I have to agree. Any other industry would be testing the waters and weeding out garbage more thoroughly instead of paying the insane costs for every band and then not paying any of them.

The thing is... The musicians allow this. They sign the contracts, even with these articles all over the internet. They knowingly step into this.

I think it's as sleezy as the next guy does, but until the musicians stop agreeing to it so freaking readily, there's not much the rest of us can do for them.


This article is from 12 years ago. A lot of the math doesn't apply anymore.

Labels will rarely front that much money for recording costs unless justified by past success. The days of million dollar videos are over (in just the last 5 years), and the 360 deal racket is the last great hope of recorded music labels.

The biggest problem with recorded music isn't the label, its the corporate parent. Labels are trying to make good on the promise of 360 by staffing for 360. They can't do so because of resource constraints and resource consolidation at the very top.

Also, blaming labels is one easy thing for artists to do. They should also blame themselves and their managers and lawyers for signing crappy deals to begin with.

I've been at many contract signings (in fact, one artist did the photo-op in my office because of the computer screens), and I never saw a gun held to a hand as they signed what I think everyone knows was an inevitable small disaster, and the small potential for success.

As for Ms. Love: the last 12 years she's been bailed out a lot by people that played in the system she abhors. I personally like Courtney. I've met her many times, and we share common friends, but a 12 year old article does little to comment on today's climate, and in situ it wasn't even that great either.

I'd much rather see what Troy Carter, Scooter Braun, Ken Hertz, Peter Mensch, etc, or producers like Dr. Luke would write about recorded music as a business today. It'd be a lot more interesting.

A few other points:

The RIAA should not be a metonym for recorded music.

Labels are rarely to blame for the problems they are blamed for, their corporate parents usually are.

Artists have the power as a creator which is much stronger than a representative body in 2012. Use it.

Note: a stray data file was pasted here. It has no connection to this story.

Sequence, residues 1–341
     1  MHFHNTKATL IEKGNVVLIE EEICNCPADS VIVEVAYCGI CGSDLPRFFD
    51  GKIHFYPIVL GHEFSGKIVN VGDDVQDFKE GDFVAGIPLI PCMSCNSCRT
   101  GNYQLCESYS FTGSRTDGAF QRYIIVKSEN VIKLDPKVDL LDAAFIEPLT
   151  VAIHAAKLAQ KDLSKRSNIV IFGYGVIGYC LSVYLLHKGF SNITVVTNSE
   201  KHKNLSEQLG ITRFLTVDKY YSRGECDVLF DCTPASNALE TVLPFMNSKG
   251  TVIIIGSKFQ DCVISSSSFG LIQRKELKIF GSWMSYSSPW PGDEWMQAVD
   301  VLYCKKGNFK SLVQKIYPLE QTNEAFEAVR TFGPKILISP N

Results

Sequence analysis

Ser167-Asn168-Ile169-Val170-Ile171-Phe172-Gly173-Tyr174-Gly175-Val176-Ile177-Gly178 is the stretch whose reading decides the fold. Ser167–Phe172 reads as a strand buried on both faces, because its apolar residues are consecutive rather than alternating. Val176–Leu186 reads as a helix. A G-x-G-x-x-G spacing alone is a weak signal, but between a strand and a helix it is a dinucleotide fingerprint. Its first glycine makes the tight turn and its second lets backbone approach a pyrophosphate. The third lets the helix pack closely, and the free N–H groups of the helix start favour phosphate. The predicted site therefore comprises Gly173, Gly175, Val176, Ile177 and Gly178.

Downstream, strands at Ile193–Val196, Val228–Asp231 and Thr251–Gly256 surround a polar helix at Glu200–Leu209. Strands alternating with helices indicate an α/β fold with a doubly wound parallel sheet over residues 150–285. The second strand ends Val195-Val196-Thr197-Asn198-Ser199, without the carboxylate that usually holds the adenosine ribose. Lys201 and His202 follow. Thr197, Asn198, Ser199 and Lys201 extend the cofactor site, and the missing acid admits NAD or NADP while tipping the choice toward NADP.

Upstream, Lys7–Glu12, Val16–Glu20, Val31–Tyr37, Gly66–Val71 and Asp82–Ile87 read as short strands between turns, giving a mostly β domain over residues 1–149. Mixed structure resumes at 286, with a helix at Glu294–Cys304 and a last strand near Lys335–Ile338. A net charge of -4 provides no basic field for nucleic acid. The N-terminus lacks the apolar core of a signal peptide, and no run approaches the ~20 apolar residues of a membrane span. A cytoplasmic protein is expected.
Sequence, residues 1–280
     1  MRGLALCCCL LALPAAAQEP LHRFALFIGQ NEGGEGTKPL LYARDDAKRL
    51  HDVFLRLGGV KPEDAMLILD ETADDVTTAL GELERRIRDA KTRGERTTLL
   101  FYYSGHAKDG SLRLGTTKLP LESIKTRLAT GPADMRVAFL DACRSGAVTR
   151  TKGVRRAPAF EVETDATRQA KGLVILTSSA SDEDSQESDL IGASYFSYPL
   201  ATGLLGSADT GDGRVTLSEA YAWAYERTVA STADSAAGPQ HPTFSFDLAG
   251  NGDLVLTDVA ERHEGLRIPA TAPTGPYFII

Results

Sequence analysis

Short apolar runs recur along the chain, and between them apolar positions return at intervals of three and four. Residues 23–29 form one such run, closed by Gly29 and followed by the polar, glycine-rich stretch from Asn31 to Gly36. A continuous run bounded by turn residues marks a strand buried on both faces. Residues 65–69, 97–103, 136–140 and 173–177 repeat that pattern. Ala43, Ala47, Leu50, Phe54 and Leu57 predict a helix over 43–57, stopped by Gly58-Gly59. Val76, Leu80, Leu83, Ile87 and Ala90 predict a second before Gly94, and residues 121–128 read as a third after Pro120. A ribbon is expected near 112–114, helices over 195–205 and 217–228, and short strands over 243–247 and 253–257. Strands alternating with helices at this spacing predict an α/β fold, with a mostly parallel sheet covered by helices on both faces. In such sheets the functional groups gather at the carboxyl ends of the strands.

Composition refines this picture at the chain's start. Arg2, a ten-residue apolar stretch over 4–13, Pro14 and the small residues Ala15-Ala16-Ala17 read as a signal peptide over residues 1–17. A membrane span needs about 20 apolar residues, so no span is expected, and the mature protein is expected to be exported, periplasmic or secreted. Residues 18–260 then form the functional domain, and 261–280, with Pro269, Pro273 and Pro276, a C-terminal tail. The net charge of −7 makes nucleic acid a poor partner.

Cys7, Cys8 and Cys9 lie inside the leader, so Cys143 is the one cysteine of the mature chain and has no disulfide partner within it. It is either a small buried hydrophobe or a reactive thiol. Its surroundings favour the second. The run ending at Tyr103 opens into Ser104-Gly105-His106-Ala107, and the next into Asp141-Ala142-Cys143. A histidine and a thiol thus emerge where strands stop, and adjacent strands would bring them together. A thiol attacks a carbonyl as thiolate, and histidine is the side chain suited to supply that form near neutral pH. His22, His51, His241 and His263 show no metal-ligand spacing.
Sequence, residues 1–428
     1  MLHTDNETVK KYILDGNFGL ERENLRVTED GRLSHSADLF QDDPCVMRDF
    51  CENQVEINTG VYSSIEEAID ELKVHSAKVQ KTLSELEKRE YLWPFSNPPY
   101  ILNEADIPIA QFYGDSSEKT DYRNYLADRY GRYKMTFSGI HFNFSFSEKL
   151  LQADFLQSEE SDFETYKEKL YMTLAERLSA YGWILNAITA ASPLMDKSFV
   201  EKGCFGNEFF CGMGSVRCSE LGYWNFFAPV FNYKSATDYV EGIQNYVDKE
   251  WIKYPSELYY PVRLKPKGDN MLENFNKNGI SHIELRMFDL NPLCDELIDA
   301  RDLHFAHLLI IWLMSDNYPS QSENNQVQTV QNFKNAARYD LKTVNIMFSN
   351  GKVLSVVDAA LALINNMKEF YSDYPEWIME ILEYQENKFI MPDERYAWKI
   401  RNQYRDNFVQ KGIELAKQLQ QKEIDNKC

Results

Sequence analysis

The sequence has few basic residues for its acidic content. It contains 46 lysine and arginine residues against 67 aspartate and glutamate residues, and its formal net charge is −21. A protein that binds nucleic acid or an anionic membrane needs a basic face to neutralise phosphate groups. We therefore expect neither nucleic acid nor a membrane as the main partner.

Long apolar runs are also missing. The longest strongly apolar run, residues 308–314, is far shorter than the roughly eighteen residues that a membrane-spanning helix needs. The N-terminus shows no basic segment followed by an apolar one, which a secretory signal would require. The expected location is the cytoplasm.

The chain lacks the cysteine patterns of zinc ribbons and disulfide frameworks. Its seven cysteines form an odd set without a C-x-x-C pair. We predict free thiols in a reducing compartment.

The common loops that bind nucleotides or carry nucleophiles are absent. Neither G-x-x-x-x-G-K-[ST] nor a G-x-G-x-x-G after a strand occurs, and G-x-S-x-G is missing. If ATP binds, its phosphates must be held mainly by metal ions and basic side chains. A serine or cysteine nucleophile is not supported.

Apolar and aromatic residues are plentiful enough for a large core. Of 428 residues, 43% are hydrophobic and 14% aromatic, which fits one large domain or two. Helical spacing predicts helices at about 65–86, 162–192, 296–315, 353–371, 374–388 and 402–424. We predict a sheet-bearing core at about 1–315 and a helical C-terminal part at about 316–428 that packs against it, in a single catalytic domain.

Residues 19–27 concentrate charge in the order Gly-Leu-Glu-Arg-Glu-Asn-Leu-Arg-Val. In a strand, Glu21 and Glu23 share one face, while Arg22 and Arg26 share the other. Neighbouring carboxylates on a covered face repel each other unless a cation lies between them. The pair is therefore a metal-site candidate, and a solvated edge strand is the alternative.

I strongly believe that the following excerpt from the article directly applies to any line of work including software development:

"I don’t know if an artist can last by meeting the current public taste, the taste from the last quarterly report. I don’t think you can last by following demographics and carefully meeting expectations. I don’t know many lasting works of art that are condescending or deliberately stupid or were created as content.

Don’t tell me I’m a brand. I’m famous and people recognize me, but I can’t look in the mirror and see my brand identity.

Keep talking about brands and you know what you’ll get? Bad clothes. Bad hair. Bad books. Bad movies. And bad records. And bankrupt businesses. Rides that were fun for a year with no employee loyalty but everyone got rich fucking you. Who wants that? The answer is purity. We can afford it. Let’s go find it again while we can."


Reminds me of the Darth Vader that was never compensated because every year Star Wars showed a loss. Anyone have a link?



These are exciting times. We are in the midst of a technological revolution and recording companies should stop wasting their efforts in trying to cripple the internet and fight change in a scramble of keeping their money. They should find that being able to download music over the internet allows the spotlight back on the artist and allows them to gain more fans and exposure. It allows a more personal connection with their audience which is good because consumers buy a record because of the artist not because of the record company producing it.